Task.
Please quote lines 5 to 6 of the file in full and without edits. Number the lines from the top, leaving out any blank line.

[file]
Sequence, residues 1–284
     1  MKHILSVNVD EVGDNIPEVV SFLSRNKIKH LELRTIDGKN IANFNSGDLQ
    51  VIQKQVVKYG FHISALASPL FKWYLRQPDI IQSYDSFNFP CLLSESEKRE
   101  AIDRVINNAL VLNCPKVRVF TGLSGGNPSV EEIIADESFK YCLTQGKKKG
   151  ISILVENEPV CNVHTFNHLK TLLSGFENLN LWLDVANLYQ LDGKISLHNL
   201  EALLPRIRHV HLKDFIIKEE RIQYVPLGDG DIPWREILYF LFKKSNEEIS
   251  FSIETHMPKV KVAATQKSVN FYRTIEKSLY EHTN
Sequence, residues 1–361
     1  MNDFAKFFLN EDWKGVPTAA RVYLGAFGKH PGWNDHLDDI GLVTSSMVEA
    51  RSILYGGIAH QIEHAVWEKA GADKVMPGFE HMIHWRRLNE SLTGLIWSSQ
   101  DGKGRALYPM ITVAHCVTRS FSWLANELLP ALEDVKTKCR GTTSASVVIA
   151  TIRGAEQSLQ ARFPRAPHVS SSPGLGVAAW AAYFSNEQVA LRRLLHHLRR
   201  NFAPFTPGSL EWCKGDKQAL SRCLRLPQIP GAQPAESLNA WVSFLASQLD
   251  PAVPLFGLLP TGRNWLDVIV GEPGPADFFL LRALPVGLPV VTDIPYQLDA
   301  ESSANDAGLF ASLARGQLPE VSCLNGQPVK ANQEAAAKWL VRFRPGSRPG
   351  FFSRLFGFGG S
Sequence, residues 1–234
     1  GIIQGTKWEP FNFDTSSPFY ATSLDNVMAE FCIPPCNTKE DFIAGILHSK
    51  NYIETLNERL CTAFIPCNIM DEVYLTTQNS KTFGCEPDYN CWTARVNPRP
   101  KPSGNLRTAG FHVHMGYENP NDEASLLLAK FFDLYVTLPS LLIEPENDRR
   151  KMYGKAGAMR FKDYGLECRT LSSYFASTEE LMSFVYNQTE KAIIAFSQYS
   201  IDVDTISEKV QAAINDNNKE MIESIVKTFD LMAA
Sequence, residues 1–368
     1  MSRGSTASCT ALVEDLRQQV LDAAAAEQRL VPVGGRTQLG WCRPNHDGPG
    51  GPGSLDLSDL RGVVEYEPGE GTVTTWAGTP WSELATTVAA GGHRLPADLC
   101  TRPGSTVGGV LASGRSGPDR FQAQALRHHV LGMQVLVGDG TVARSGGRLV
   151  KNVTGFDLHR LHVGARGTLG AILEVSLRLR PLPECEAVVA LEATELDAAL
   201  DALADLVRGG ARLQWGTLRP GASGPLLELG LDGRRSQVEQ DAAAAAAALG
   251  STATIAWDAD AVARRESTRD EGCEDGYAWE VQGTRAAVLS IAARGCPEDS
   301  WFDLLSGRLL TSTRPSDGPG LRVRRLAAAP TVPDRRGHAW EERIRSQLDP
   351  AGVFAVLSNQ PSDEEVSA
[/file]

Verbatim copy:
   151  ISILVENEPV CNVHTFNHLK TLLSGFENLN LWLDVANLYQ LDGKISLHNL
   201  EALLPRIRHV HLKDFIIKEE RIQYVPLGDG DIPWREILYF LFKKSNEEIS